Effective electric efficiency (ℰEE) can be calculated using the equation below, where WE is the net useful electric output, ∑QTH is the sum of the net useful thermal output, QFUEL is the total fuel energy input, and α equals the efficiency of the conventional technology that would be used to produce the useful thermal energy output if the CHP system did not exist:
For example, if a CHP system is natural gas-fired and produces steam, then α represents the efficiency of a conventional natural gas-fired boiler. Typical boiler efficiencies are 80 percent for natural gas-fired boilers, 75 percent for biomass-fired boilers, and 83 percent for coal-fired boilers.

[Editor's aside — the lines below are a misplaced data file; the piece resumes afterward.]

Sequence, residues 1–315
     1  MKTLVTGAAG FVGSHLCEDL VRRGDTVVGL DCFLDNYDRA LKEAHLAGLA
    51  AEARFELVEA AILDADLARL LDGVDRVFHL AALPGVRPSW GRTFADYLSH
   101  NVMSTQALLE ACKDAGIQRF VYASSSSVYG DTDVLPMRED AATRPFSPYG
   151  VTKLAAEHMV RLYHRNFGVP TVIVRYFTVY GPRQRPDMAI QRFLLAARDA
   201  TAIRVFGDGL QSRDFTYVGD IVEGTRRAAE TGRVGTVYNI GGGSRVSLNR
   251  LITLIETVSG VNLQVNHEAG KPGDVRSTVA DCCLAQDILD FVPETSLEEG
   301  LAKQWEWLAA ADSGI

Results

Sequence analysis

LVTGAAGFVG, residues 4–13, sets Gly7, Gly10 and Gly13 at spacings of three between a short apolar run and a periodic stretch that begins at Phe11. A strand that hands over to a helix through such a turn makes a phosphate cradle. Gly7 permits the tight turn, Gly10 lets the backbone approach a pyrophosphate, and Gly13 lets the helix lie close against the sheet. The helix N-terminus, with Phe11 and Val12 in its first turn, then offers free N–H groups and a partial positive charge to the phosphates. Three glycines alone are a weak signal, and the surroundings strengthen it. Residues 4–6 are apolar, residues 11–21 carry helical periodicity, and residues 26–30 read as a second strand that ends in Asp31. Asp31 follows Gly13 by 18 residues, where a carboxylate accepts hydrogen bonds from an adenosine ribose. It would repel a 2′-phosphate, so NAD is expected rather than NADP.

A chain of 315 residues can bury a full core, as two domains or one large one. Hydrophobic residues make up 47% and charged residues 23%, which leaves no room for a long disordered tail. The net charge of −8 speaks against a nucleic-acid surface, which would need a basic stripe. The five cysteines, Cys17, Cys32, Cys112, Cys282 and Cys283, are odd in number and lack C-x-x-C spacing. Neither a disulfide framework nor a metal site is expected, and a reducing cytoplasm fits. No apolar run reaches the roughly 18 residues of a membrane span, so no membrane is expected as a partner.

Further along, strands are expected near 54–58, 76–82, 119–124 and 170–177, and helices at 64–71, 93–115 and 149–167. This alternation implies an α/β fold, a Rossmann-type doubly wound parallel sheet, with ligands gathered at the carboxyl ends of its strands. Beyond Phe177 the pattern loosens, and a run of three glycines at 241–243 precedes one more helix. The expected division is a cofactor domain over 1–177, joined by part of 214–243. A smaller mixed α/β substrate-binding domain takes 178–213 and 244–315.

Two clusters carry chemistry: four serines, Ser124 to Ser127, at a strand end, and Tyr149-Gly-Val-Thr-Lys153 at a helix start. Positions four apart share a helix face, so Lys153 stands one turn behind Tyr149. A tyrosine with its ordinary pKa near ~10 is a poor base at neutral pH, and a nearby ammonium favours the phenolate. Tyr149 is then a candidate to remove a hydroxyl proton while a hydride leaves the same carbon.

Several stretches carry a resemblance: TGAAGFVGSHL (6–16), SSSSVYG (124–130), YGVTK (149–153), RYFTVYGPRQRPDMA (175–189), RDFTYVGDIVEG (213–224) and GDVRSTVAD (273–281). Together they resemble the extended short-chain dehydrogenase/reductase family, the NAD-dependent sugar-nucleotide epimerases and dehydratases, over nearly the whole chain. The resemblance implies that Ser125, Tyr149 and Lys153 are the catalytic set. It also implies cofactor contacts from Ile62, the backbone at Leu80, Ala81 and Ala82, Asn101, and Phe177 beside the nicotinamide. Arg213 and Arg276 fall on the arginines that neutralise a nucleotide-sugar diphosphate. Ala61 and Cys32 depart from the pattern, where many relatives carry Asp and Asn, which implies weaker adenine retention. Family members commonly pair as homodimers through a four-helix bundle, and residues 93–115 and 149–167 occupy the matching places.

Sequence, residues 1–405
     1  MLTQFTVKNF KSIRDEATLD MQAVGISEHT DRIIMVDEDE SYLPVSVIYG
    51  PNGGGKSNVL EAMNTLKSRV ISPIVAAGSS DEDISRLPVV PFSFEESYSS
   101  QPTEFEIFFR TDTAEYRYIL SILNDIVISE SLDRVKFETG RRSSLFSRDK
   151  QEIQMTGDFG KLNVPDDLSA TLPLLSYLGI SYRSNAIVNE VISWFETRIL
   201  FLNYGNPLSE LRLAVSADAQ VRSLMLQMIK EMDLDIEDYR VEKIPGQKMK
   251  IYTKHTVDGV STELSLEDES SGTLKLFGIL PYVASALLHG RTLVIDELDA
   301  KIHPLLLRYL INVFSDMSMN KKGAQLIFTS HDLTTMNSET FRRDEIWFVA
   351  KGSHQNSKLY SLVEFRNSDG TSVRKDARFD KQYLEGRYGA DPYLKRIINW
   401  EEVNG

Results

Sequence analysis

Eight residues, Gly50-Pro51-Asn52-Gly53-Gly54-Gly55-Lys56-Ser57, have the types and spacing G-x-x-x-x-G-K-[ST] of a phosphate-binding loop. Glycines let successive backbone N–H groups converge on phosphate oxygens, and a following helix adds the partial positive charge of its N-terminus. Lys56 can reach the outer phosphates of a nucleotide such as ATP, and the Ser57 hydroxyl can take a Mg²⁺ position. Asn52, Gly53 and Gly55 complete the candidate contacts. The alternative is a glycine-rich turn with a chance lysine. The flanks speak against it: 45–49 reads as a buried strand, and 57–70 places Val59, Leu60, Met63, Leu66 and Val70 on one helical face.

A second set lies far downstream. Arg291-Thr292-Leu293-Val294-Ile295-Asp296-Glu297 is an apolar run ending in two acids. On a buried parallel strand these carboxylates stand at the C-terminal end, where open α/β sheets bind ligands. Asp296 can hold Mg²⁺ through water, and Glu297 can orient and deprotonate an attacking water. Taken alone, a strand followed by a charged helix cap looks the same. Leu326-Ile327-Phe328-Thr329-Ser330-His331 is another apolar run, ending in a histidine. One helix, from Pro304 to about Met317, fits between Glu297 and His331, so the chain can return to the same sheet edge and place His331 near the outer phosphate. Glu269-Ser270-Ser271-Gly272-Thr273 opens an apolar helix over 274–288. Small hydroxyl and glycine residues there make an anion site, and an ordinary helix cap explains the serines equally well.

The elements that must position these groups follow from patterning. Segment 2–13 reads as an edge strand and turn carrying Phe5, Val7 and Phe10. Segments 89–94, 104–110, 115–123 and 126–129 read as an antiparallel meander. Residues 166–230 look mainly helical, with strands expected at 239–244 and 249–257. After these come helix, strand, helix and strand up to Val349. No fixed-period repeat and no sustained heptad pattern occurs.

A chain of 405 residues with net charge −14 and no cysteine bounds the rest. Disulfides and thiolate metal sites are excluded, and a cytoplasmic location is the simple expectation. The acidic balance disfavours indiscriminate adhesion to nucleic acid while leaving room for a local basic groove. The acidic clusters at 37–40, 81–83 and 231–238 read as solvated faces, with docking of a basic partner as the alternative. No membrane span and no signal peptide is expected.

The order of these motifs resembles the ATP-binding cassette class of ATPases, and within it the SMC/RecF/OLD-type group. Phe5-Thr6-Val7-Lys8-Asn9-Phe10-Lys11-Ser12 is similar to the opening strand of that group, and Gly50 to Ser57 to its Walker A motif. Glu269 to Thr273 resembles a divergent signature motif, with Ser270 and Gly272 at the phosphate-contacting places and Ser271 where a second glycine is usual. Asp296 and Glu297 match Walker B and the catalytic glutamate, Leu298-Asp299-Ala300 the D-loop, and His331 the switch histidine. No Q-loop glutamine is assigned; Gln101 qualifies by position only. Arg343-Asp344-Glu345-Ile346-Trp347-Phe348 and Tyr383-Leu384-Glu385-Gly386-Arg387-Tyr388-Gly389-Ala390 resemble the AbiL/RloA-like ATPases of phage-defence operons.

The calculation of effective electric efficiency is the CHP net electric output divided by the additional fuel the CHP system consumes over and above what would have been used by a boiler to produce the thermal output of the CHP system.
Typical effective electric efficiencies for combustion turbine-based CHP systems range from 50 to 70 percent. Typical effective electric efficiencies for reciprocating engine-based CHP systems range from 70 to 85 percent.